I spent my first night at Ibu Nunuu’s house – crowded with her surviving relatives – wide awake, thinking about the horror I witnessed. But mostly I thought about the woman at the hospital. What a horrible human being I was, I thought to myself. I could’ve hugged her, I could’ve comforted her, I could’ve done the things that any compassionate human being would do. Instead I rushed back to the truck to resume my reporting duties.
Back to our little adventure in Leupung, we finally met a group of people who had been walking for days from their hometown in Calang. They survived on nothing but coconut water, so Bea and I gave away our biscuits and water. One vision that remains etched in my brain is the one when a toddler took the biscuits from my hand without saying a word. He neither looked sad or no happy. I did not talk to him nor asked for his name.
I spoke to one survivor with a T-shirt around his mouth – it was his version of a facemask. The stench of the corpses was worse at night, he said.
Ten years later
For 10 years I never revisited these scenes. I never wanted to share my experience into words. As a journalist, we are taught to report the story of others – not us. But a recent visit to Aceh has given me a change of heart.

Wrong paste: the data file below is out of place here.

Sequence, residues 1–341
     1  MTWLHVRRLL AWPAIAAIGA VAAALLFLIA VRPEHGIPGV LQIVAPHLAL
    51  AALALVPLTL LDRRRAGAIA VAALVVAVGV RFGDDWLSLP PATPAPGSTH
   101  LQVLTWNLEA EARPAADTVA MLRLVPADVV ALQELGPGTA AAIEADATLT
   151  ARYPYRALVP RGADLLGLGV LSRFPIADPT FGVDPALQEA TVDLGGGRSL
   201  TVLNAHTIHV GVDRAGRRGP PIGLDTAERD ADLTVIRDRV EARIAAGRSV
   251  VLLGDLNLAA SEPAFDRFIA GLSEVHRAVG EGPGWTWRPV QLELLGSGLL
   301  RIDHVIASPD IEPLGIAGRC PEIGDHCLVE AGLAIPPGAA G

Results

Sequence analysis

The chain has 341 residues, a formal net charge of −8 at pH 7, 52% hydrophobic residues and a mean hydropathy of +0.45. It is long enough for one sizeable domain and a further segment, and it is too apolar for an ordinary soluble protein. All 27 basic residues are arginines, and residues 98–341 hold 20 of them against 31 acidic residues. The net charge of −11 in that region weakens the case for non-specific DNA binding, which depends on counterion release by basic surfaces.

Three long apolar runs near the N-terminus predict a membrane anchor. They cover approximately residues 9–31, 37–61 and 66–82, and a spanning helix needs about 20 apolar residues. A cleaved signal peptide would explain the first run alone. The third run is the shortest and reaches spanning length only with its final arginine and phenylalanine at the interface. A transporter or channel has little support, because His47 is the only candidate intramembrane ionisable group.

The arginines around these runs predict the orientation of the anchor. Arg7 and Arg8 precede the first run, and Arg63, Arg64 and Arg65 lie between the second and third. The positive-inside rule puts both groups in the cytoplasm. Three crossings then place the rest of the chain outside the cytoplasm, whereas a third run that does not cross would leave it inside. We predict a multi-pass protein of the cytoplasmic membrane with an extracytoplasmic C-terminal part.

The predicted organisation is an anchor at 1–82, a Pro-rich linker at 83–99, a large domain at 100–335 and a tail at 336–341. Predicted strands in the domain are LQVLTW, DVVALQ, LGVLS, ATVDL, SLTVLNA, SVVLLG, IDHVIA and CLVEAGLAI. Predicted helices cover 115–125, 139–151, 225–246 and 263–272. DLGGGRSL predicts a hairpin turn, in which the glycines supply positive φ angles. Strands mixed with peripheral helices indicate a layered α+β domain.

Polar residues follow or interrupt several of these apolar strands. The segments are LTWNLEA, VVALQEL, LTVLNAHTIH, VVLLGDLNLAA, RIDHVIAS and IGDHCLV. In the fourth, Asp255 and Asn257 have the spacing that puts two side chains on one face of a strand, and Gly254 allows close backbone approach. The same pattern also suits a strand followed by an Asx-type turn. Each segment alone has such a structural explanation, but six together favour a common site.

Aceh now shows no trails of destruction. Makeshift camps that once dotted the ruins of the city gave way to buildings and houses. Banda Aceh is paved with wide, smooth roads – much smoother than the pothole-ridden roads of Jakarta, which can be a death trap for motorists.
And then there are the people, particularly the survivors.
I recently met a group of farmers who have been back at the paddy fields after their land was cleared from tsunami debris. I spoke to a couple of businessmen who make a living out of recycling waste after years of selling steel from the tsunami waste.
The memory of my first tsunami trip is locked safely in a time-proof steel box inside my brain. I would replay the event in my head and the same vivid harrowing details would play out.
After recently speaking to the survivors and seeing how Aceh has become, it’s hard to believe how the past scenes of horror could actually turn into the Aceh that is today.
Not all the details in my reporting made it into the story. Perhaps I was being a little too obsessed with color and I shouldn’t have walked among the corpses in Lambaro. I probably will not meet again those whom I interviewed and I still wonder about the fate of the woman at the hospital and the cute toddler who took my biscuits.
But seeing how Aceh has become now, I have grown a little hope in my heart that maybe; just maybe they are now back on their feet.
Tomi Soetjipto is a former journalist at Thomson Reuters, Al Jazeera English and BBC Indonesia. He now works for an international development organization in Jakarta.